Volltext: Anthropos, 78.1983,1-4

D.K. Feil 
Anthropos 78.1983 
elsewhere in the Highlands (Salisbury 1962); Gregory (1980) has more 
recently shown how Motuan Christians in Hanuabada ceremonially and 
competitively give large sums of money to the United Church, thereby 
continuing, yet transforming an earlier exchange pattern. The tee exchange 
system, of the Tombema-Enga of the Western Highlands, the subject of this 
paper, is still of the highest concern despite all of the pressures noted above 
(Feil 1980). 1 Why are these systems of ceremonial exchange so lasting? The 
traditional significance of exchange and reciprocity in Melanesian societies 
has long been noted, and the vast literature demonstrating its significance 
pan Melanesia need not be reviewed here. 
The tee is, in Maussian terms (1954), almost an archetypal “total social 
phenomenon,” simultaneously encapsultating and expressing many values 
and social practices of Tombema society and culture. Elsewhere (Feil 1980, 
1982) I have examined its economic significance and its relation to Tom- 
bema-Enga political life. These are, perhaps, the tee’s most ostensible charac 
teristics, and, as I shall point out, these have often been the target of mission 
and government sanctions against ice-making. However, the tee is also about 
morality and is, more widely, a weathervane of Tombema “social health.” At 
least twice in the past, tee activities have ceased. This paper examines the 
circumstances surrounding the suspension of ice-making, and thereby suggests 
a perhaps less obvious aspect of its continuing relevance. 
1. Colonial Attitudes to the tee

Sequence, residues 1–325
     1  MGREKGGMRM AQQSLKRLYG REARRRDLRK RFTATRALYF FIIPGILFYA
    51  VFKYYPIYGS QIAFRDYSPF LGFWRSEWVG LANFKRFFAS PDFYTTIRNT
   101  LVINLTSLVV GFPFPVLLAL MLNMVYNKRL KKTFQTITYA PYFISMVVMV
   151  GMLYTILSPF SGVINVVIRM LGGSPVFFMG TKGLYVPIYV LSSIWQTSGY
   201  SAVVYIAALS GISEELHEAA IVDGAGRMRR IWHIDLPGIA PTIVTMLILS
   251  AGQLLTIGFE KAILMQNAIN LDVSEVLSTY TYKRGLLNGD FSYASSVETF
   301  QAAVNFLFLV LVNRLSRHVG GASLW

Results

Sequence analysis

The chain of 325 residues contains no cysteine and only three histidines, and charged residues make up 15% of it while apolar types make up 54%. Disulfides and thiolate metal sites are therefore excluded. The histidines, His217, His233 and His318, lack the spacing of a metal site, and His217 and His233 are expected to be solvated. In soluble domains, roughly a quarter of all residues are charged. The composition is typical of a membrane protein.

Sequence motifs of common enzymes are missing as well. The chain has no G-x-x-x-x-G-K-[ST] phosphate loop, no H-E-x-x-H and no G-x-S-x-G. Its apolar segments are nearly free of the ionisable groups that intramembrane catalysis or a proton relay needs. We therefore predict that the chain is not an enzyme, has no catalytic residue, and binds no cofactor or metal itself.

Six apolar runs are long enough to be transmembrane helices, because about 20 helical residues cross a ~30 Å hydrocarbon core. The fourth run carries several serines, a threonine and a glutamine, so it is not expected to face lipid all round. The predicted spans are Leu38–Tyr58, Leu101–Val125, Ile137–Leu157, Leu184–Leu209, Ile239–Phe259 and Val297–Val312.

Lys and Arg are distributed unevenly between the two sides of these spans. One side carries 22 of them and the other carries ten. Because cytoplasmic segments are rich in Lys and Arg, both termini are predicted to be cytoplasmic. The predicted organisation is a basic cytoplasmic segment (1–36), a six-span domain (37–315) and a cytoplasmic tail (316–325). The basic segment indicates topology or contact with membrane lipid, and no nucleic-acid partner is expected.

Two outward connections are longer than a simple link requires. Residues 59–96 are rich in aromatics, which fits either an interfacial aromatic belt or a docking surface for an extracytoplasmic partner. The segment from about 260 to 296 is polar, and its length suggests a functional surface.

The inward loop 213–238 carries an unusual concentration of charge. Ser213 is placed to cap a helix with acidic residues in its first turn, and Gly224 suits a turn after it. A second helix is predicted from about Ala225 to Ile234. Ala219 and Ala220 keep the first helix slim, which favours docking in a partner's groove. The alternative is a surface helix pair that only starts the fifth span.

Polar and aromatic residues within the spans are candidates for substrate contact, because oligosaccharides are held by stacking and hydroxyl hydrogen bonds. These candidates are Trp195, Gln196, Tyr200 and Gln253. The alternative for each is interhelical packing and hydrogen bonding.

The Tombema-Enga have usually combatted the more blatant anti-ice 
forces of government and missions effectively (see Feil 1979). The colonial 
administration of the 1940s and 1950s alternately banned and permitted the 
tee. Some government officials thought the tee a distinct hindrance to 
civilizing the Enga; others were convinced (like most anthropologists) that 
the tee had some functional value in ameliorating conflict and dispute (see 
Meggitt 1974: 180-182) or at least, by banning it arbitrarily, more problems 
were created than allowing it to continue. Despite occasional official edicts, 
Enga carried on with their exchanges, calling them by names other than tee 
when it was officially in disfavour. There is little evidence, then, that govern 
ment measures ever had much effect in preventing tee practice. 
Christian Missions and the tee 
The missions have also been less than sucessful in their attempts to 
prohibit participation in the tee. The Australian Baptists, Lutherans, and 
Seventh-Day Adventists have forbade their members to take part in the 
1 Tombema-Enga number about 12,000 persons and inhabit the area around the 
Kompiama Patrol Post, Enga Province, Papua New Guinea. Tombema are one of a number 
of “Enga” dialect groups. The tee system percolates throughout all of Enga. Details of 
the system can be found in Feil (1978, 1980).


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